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Campaigners refuse to give up on flooded Solent Way at Milford after Hampshire County Council sinks boardwalk funding



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A MILFORD conservation charity has pledged to continue campaigning for a boardwalk along a popular section of a major walking route that regularly becomes impassable in heavy rain.

The stretch of the Solent Way runs through the village from the Sea Road car park along the northern side of Sturt Pond.

But for walkers it is often flooded for days at a time due to spring tides and heavy rain, forcing them to find detours.

The section of the Solent Way floods in autumn and winter (50982619)
The section of the Solent Way floods in autumn and winter (50982619)

Now Milford Conservation Volunteers (MCV) is asking Hampshire County Council to review its decision not to support the installation of a boardwalk.

MCV spokesperson Keith Metcalf said: “There is no doubt it would be an expensive project but it is an extremely well used and popular footpath.

“In the future there will come a time when the path becomes impassable much more often throughout the year and at that point I think the community will realise what we are losing.”

The footpath is looked after by HCC and New Forest District Council’s open spaces team. It regularly undergoes maintenance work to cut back vegetation and replenish gravel.

However, a report in 2020 revealed that longer term solutions could include raising the level of the footpath with stone for £23,000; a hardwood boardwalk for £30,000; or a recycled plastic boardwalk for £50,000.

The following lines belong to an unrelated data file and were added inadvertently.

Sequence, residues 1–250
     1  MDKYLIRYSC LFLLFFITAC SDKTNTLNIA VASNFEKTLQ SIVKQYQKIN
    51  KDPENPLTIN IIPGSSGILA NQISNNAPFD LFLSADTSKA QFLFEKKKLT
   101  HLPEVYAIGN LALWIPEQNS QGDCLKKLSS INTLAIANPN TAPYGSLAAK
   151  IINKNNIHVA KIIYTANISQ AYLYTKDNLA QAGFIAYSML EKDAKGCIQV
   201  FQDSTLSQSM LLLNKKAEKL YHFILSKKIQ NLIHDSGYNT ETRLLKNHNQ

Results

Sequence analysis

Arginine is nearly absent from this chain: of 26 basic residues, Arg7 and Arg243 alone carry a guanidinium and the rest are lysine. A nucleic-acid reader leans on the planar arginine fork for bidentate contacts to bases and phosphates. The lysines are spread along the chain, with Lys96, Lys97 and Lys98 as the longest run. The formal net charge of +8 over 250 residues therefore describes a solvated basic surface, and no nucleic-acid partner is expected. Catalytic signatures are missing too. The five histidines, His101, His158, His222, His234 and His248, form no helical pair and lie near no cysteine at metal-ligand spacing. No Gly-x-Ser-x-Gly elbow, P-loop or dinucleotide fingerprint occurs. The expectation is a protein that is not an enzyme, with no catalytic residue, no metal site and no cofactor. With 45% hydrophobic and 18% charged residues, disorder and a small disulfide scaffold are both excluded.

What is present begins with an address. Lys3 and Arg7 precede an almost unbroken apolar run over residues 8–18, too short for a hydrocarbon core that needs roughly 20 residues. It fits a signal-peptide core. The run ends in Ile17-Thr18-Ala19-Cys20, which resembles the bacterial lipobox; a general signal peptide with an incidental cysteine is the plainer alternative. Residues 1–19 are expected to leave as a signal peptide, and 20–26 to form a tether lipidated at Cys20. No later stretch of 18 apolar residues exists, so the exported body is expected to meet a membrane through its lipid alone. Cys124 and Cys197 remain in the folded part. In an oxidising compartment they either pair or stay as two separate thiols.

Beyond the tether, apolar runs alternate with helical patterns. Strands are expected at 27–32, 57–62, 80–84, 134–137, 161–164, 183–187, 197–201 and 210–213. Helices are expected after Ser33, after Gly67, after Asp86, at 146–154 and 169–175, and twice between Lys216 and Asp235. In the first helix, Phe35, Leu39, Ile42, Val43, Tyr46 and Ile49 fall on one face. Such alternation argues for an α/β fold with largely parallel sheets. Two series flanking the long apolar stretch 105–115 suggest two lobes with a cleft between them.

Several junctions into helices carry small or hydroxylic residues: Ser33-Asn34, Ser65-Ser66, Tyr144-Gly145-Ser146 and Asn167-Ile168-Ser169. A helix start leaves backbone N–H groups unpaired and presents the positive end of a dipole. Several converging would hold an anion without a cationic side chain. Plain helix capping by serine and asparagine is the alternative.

Solent Way runs through the village from the Sea Road car park
Solent Way runs through the village from the Sea Road car park

Mr Metcalf said over the last 30 years successive groups – the Friends of Sturt Pond, Milford Environment Group, the Wildlife Recording Group and the Milford Conservation Volunteers – have all volunteered to maintain this path.

But they are now warning it has reached a “tipping point”, and continuously replenishing gravel is no longer a viable solution, especially because volunteers have become reluctant to help on such a fruitless task.

Mr Metcalf said: “If a sensible long-term approach could be reached, then I am sure that we could again muster helpers. But whilst we continually see all our hard work and endeavours simply wash back into the pond because the edging boards are about 60cm too short, we feel that something longlasting must be considered.”

MCV is suggesting that if a 60cm high boardwalk was installed and maintained, the footpath could remain open year-round for the next 50-100 years.

But HCC’s countryside team has advised that no funding will be made available for the work, and walkers must accept that there will be times when it cannot be used.

Mr Metcalf said: “At this time there seems to be no real will, either from the district or county council, to progress the project.

“While we accept that it may not happen in the next few years, it should be something that is included in future planning.

“I realise that funding might be an issue – but there are many other sources where you can apply for grants if there was a real will to progress this.”

County councillor Fran Carpenter defended HCC which she said had a responsibility to assess potential projects very carefully for necessity, safety and cost.

She added: “A boardwalk is quite a large project and it may not even work. On top of everything else, there are all kinds of safety considerations which would make it a much more complicated job than just a simple ‘boardwalk idea’, especially when the tide comes in.

“You also have to think of accessibility and safety for those who are disabled when something like this is built.”



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